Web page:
Most visitors won’t know that Thailand’s capital, Bangkok, is the longest city name in the world (when spelled authentically its more than 167 letters), but they’ll probably recognize a more common appellation – Bumrungrad International – the name of the largest private hospital and one of the most well-known medical centers in Southeast Asia.
Shifting Needs for Expatriates in Asia
At this year’s Congress, director of marketing at Bumrungrad Hospital in Bangkok, Kenneth Mays, addressed issues surrounding healthcare and health insurance for expatriates in Asia, giving us a closer look at the medical resources and benefits available to the abundant population of long-term foreign residents in countries such as Thailand.
Mays’ home institution was the first JCI-accredited hospital in Asia and has since seen more than 3 million patients in its 554 beds. As Asian countries continue to experience an influx of new permanent foreign residents such as retirees, trailing spouses, technical experts, consultants and experienced managers, facilities like Bumrungrad will be a medical home away from home for expats seeking universally-renowned patient services.
However, one essential component of health abroad, of course, is medical insurance, and Mays noted that the needs of expats in this realm are quickly changing. With the growing number of internationals that want to work in Asia, health insurance companies have come forth with more amenities, including better educated and trained locals and regional Asians who are more inclined to adapt culturally, highlighted Mays.
This in turn has resulted in fewer “expat packages” with gold-plated health benefits: “A large, new generation of expat opportunity-seekers is willing to settle for local contracts and benefits, with care in-country or at regional referral centers.”
Choices in International Care
International health insurance companies such as Global Benefits Group (GBG), an international insurance underwriter of health, life, disability insurance and special risks, which focuses on expatriates and high net-worth locals, has expanded their networks and built better customer services in response to foreign resident growth.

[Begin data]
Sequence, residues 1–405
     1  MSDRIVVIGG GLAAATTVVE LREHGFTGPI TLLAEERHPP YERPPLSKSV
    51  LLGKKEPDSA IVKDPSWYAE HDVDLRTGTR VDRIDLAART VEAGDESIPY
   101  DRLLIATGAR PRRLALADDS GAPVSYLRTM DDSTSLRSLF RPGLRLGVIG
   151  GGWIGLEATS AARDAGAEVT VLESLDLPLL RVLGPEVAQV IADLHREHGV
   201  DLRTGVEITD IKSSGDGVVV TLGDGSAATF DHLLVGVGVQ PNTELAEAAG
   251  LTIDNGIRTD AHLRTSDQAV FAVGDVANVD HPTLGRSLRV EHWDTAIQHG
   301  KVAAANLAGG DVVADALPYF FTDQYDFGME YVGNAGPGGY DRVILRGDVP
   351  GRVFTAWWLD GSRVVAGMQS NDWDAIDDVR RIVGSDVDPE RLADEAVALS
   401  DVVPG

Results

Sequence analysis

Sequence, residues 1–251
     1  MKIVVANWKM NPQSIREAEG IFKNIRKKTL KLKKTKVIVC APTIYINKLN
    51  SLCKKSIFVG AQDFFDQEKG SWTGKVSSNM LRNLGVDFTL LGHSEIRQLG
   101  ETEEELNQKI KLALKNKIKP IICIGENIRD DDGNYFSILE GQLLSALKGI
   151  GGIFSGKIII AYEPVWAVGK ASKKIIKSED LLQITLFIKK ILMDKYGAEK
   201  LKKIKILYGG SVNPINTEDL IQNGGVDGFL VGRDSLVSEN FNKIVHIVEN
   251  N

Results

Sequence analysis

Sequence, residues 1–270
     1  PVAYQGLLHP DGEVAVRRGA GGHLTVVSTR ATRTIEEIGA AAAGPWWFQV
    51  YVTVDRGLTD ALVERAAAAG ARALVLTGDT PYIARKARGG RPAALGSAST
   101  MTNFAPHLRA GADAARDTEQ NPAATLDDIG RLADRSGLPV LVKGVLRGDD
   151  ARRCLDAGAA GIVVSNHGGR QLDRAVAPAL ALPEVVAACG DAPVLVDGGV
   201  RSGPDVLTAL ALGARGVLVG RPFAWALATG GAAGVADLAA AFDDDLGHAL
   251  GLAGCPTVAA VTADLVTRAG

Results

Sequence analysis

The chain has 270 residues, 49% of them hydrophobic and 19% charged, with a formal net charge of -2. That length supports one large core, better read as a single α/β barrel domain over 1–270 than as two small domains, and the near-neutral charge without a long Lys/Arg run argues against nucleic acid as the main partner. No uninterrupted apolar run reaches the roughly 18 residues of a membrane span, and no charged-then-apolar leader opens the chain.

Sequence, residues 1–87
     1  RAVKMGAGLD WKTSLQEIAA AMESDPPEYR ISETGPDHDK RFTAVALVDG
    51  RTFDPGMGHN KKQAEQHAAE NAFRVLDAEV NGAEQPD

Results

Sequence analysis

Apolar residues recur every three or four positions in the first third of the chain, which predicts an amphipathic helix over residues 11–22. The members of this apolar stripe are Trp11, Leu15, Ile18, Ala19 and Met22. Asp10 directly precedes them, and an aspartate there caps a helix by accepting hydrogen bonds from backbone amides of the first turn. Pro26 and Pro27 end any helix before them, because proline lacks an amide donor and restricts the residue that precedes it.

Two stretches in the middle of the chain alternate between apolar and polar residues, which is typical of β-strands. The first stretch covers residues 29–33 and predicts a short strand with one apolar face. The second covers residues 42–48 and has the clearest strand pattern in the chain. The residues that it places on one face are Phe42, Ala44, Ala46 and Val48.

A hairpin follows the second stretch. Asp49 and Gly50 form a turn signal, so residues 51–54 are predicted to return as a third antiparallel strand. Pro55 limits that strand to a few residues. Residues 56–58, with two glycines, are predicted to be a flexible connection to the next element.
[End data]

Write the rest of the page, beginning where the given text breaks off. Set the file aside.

This organization has clients in more than 60 countries and is a fully integrated administrator of international insurance products; providing plan design, customer/member services, claims adjudication and more. Expatriates can choose among worldwide, regional and local coverage; U.S. model or European model services; as well as group vs. individual coverage in addition to other options.
Some international benefits include evacuation coverage – evacuation to home country or to closest available country that can provide treatment – along with repatriation coverage and assistance with language and cultural issues.
Room for Expansion
There are boundless opportunities for growth in developing countries around the world and with more progress comes more expansive networks, benefits and customer services that can cater to a global clientele. Where hospitals such as Bumrungrad reflect the increased globalization of the shrinking world, it is only partially indicative of the wide scope of options international patients and expats seek with global health insurance plans.
Staying true to its name nonetheless – Bumrungrad, which means “care for the people” in Thai – is reflective of the common goal in medicine, and more, underscores the universal objective in medical service provision be it local or worldwide.
About the Authors:
Renée-Marie Stephano is the President of the Medical Tourism Association™. Ms. Stephano is also the Editor-in-Chief of the Medical Tourism Magazine, Health Tourism Magazine and Healthcare Development Magazine. Having a background in international marketing and relations, health law and litigation, she provides a valuable service to the Medical Tourism Association™ in these fields. She may be reached at Renee@MedicalTourismAssociation.com.
Brandon Samuels is a graduate of Northwestern University’s Medill School of Journalism and is a contributor to the editorial staff for the Medical Tourism AssociationTM. Developing an early interest in health, Brandon completed a four-year Medical Magnet Careers program, which led to experience working in areas of nursing, radiology and dermatology.